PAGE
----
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Unfortunately Captivate is known for having issues with the RealTek brand of audio. Assuming you wish to continue using the same PC with Captivate, your other best option will be to record audio separately to create the desired clips, then add them to your Captivate projects after you record them.
Another thing I would suggest is to advise the Captivate Developers of the issue by completing a Bug Report. You may do this by Clicking here.
I do have Audacity.
Is there any way to tell Captivate to use that instead of the Realtek when I record.
OR . . . if I purchase other recording software, can I tell Captivate to look for and use that when I record?
I think you are confusing things a bit. Audacity is an audio editing and recording software. Yes, Captivate is as well. But Captivate uses something internally to do its job. RealTek is the brand of Audio hardware and drivers used. So Audacity or Captivate would rely on the RealTek hardware and drivers to do the recording.
Unfortunately there is no way I'm aware of to force Captivate to use different recording software when you are recording your audio. The only thing that comes close is if you have Captivate 2. In Captivate 2, you have the ability to right-click audio items in the new Library and edit them with any software you like. Including Audacity. But this would also be dependent on having the audio recorded to begin with. And as I understand it, you aren't even getting this far. So again, the recommendation is to use something like Audacity (external to Captivate) to record audio, then import the clips into Captivate.
If I were to delete the Realtek software from my computer, is there also a hardware issue (like a card or something) I'd have to take out of the CPU?
If it were possible to get rid of the software, what other software is good with Captivate that I can purchase that could be loaded to my computer that will do what Realtek does?
I don't want to believe that only Realtek can be used on my computer.
I'm not quite sure how to put this in terms you will fully understand, but I'll try.
When computers are manufactured, there are certain pieces of hardware that perform the tasks we ask of them. This hardware is supplied by different manufacturers. For example, you are using a Gateway brand computer, but the inner circuitry and devices are all provided by different manufacturers. So Gateway purchases components from all over the place. And in this case, the manufacturer of the audio component is named RealTek. The audio hardware may be hard wired directly into the motherboard or it could be a separate and external expansion card that connects to the motherboard via some slot.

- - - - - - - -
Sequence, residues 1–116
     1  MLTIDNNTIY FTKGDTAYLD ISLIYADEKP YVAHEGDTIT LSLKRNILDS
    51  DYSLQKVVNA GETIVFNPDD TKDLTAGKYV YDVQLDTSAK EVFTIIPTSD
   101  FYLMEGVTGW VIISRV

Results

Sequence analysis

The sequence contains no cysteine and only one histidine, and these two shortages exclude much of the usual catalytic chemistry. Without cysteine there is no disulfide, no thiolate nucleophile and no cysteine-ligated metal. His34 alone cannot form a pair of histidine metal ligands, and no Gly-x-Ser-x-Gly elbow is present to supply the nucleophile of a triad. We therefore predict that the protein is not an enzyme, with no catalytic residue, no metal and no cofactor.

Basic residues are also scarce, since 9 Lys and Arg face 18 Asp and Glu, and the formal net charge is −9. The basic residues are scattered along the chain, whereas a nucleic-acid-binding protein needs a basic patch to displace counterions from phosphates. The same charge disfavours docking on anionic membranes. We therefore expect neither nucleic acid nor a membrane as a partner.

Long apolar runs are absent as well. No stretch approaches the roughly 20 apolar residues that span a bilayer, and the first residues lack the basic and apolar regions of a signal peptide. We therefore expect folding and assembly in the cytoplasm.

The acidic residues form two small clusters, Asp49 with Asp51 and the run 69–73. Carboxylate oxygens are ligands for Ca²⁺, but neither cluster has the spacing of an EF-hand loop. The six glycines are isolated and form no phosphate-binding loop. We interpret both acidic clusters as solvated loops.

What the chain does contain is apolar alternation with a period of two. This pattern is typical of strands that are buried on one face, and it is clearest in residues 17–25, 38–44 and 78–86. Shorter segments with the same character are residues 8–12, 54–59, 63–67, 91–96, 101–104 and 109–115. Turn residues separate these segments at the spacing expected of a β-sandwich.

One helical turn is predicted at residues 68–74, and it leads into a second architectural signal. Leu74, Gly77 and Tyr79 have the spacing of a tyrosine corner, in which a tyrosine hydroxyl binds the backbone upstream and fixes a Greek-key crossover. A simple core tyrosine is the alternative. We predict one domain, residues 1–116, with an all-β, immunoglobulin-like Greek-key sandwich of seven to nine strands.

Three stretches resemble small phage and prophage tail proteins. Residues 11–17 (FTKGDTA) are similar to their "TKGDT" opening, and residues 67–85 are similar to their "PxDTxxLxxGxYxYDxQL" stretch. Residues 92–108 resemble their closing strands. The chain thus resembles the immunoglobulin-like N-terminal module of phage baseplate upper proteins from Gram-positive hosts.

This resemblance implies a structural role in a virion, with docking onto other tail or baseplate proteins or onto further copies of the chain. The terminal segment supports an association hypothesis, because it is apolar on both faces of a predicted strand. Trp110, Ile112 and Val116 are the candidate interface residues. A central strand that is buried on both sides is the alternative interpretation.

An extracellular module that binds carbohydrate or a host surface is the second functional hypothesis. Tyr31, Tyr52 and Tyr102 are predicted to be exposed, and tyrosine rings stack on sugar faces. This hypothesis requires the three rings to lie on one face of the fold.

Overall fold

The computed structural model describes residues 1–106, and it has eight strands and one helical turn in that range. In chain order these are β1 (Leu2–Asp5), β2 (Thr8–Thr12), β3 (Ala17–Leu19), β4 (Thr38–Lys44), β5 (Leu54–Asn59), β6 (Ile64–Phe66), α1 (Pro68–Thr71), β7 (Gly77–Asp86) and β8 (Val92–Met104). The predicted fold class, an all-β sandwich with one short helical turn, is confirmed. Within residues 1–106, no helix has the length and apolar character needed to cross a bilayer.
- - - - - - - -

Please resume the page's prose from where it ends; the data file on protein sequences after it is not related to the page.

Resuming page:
Any hardware component normally requires a special software component called a "driver" to help the operating system (Windows) understand how to work with the hardware. The driver may also reside in a few different places. It may be supplied on a chip found on the motherboard or the expansion card, or it may also exist as a file that is installed in the Operating System. Or it could be a combination of both.
Soooo, in this case, RealTek is the manufacturer of a specific type of audio hardware. Unfortunately, no existing version of Captivate understands how to work with hardware provided by this manufacturer. The really unfortunate part of all this is that while Captivate has issues with it, other software merrily works just dandy and doesn't complain a bit.
So the answer to part of your question is that if you were to delete any aspect of your RealTek software, you would also probably kill any audio capabilities for your computer. This means no sound would work in Windows or any other software. As for installing other software that would work, you would be looking at possibly purchasing an additional audio card. Disabling the RealTek hardware and installing the new card and its associated drivers. And even then, there's no guarantee it would work with Captivate or even Windows. (My son chased his tail for literally weeks on end trying to make a sound card work in an older PC)
As you can see, taking that approach is far more cumbersome and involved than it would be to simply launch perhaps Windows Sound Recorder or Audacity, record your audio clip and save it. Then within Captivate, import it into the project.
Is it a pain that you would have to work this way? You betcha. But until the developers can sort why some hardware works and some doesn't, this is what we have to deal with. For what it's worth, we see a similar issue with Captivate not reliably detecting and working with a Headset Microphone that connects via the USB port.
Hopefully this was helpful... Rick